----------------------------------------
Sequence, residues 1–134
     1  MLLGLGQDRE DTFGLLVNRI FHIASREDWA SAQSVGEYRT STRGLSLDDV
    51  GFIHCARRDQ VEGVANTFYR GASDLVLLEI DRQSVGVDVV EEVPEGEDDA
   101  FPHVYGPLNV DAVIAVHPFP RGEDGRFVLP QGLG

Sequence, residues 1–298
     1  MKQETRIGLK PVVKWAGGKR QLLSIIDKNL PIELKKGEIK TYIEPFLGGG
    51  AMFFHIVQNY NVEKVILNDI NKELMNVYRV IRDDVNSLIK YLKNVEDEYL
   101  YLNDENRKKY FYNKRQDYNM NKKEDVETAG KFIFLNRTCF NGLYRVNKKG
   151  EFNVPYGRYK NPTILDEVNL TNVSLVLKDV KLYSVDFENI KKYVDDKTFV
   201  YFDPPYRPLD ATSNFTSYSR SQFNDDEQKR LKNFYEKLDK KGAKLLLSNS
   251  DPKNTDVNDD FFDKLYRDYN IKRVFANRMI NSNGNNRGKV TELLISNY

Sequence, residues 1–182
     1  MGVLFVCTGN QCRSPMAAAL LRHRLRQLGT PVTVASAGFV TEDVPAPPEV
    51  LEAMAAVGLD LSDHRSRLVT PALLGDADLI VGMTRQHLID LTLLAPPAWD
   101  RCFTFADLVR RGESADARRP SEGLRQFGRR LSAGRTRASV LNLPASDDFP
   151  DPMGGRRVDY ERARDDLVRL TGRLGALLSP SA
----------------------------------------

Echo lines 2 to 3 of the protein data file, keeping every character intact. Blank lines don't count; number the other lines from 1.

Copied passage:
     1  MLLGLGQDRE DTFGLLVNRI FHIASREDWA SAQSVGEYRT STRGLSLDDV
    51  GFIHCARRDQ VEGVANTFYR GASDLVLLEI DRQSVGVDVV EEVPEGEDDA